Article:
- Activity sponsored by school or education institution: A person commits a third degree felony if the person intentionally, knowingly, or recklessly possesses or goes with any firearm on any grounds or building on which an activity sponsored by a school or educational institution is being conducted, whether the school or educational institution is public or private, unless pursuant to written regulations or written authorization of the institution. An attorney general opinion has concluded that this provision “prohibits handguns from places on which a school-sponsored activity is occurring, which places can include grounds otherwise excluded from the definition of ‘premises’ such as public or private driveways, streets, sidewalks or walkways, parking lots, parking garages, or other parking areas.” It is very common for city facilities to host activities sponsored by a school or education institution. During that time, no person may come onto the “grounds” of the facility, and no signage is required.
- Polling place during voting: A person commits a third degree felony if the person intentionally, knowingly, or recklessly possesses or goes with any firearm on the premises of a polling place on the day of an election or while early voting is in progress.
- Government court or offices utilized by the court: A person commits a third degree felony if the person intentionally, knowingly, or recklessly possesses or goes with any firearm on the premises of any government court or offices utilized by the court, unless pursuant to written regulations or written authorization of the court.
- Secured area of an airport: A person commits a third degree felony if the person intentionally, knowingly, or recklessly possesses or goes with any firearm in or into a secured area of an airport (i.e, an area of an airport terminal building to which access is controlled by the inspection of persons and property under federal law).
Items 3-6 above are state law prohibitions, and none of them requires any signage. However, a recent attorney general opinion dealt with the “courts prohibition” in number five and concludes that a person is prohibited from carrying a firearm only into the room that actually houses a court or court office. That opinion is contrary to what the League and most other attorneys have been advising for years under the concealed carry law. The previous advice was that a person is prohibited from carrying a firearm into the entire building that houses a court or court office.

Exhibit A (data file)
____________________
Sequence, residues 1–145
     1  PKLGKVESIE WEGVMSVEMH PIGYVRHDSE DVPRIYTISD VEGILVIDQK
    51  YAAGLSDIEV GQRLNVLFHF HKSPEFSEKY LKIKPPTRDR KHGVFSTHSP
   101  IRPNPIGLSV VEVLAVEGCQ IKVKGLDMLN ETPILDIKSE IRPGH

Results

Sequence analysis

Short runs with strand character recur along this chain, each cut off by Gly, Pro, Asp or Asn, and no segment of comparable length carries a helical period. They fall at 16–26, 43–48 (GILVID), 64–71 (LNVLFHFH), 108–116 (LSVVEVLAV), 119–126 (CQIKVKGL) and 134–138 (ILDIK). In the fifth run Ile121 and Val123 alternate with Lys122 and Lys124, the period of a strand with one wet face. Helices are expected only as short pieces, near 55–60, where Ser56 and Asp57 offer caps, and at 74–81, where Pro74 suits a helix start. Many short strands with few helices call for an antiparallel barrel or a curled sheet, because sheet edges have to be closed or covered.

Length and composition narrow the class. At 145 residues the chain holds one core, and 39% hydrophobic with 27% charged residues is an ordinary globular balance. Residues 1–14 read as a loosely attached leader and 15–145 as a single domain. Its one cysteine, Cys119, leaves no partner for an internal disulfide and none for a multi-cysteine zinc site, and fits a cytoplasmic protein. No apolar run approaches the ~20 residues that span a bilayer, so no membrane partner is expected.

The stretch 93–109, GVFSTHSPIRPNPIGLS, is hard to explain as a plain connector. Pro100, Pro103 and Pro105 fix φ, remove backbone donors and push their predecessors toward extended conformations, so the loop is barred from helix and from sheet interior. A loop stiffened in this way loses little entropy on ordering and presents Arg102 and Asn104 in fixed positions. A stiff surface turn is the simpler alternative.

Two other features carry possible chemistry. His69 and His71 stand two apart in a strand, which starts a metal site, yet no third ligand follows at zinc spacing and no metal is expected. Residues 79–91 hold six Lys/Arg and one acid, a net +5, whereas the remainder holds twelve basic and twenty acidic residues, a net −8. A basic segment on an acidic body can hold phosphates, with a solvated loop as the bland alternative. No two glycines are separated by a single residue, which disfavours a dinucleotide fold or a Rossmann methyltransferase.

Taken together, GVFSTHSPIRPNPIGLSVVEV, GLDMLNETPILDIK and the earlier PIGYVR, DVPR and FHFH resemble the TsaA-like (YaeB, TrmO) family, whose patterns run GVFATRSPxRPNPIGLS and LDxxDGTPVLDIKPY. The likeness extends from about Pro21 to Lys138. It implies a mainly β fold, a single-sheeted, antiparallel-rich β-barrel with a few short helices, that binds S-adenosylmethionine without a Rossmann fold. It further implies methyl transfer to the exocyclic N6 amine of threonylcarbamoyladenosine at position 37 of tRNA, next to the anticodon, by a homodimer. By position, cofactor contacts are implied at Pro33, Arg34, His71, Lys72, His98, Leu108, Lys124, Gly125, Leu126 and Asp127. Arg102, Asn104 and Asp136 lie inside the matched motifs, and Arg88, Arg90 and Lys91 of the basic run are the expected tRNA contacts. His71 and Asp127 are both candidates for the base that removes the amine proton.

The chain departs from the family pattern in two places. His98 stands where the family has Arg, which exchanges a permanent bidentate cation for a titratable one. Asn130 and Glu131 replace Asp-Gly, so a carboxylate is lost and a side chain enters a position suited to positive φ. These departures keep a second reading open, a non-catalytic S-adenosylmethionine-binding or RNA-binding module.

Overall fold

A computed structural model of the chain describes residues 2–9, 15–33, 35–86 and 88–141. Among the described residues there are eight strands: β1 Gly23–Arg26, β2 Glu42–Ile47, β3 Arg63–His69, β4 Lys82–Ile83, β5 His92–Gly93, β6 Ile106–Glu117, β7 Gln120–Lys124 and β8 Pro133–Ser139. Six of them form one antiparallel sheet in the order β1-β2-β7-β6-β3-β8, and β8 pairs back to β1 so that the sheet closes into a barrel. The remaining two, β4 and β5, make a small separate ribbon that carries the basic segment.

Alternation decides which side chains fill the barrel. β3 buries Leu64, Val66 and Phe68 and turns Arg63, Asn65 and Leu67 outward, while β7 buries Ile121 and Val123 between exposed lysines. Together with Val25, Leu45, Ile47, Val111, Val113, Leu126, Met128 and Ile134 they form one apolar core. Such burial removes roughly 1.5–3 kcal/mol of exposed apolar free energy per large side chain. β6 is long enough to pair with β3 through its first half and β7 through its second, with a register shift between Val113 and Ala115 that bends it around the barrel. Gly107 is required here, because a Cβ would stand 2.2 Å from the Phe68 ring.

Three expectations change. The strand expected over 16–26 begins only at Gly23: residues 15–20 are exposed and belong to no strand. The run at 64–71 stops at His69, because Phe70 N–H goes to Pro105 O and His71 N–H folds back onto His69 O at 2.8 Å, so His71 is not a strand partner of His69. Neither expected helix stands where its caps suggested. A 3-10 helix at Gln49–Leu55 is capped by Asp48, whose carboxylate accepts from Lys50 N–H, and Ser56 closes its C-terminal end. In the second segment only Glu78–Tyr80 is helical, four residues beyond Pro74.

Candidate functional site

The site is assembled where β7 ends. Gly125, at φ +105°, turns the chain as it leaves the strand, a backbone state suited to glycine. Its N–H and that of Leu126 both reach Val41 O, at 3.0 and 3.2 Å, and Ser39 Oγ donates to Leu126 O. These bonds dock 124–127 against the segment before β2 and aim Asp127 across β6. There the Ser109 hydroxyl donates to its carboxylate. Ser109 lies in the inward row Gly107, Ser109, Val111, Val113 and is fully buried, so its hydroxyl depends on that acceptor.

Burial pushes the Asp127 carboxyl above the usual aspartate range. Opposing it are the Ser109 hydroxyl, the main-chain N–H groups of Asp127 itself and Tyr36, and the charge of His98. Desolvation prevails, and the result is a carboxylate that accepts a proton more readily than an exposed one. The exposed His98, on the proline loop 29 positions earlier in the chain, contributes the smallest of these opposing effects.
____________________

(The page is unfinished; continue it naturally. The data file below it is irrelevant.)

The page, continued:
Most governmental entities took that position because of the confusing nature of the law. In other words, because it wasn’t (and still isn’t) exactly clear into what “portion” of a courts building a licensee can carry, the licensee could (and still can) inadvertently commit a third degree felony for going to the wrong portion of the building.
The opinion states that “[w]e routinely acknowledge that decisions like this are for the governmental entity in the first instance, subject to judicial review. Accordingly, the responsible authority that would notify license holders of their inability to carry on the respective premises must make the determination of which government courtrooms and offices are essential to the operation of the government court.” Pursuant to that advice, one possible option a city could use to address the confusion is to adopt a resolution making findings as to which of its room(s), portion(s) of building(s), or buildings are off-limits based on the polling place (PDF) or court (PDF) exception.
Again, no signage is necessary for items 3-6. However, some cities may deem it appropriate to post a sign of some type notifying the license holder that the area is considered off limits. What would the signs look like? Many would argue that a sign stating that the building, portion of a building, or room houses a prohibited area, such as a court or polling place, would be sufficient. Still others might say that the Penal Code section prohibiting carry into those places could be mentioned: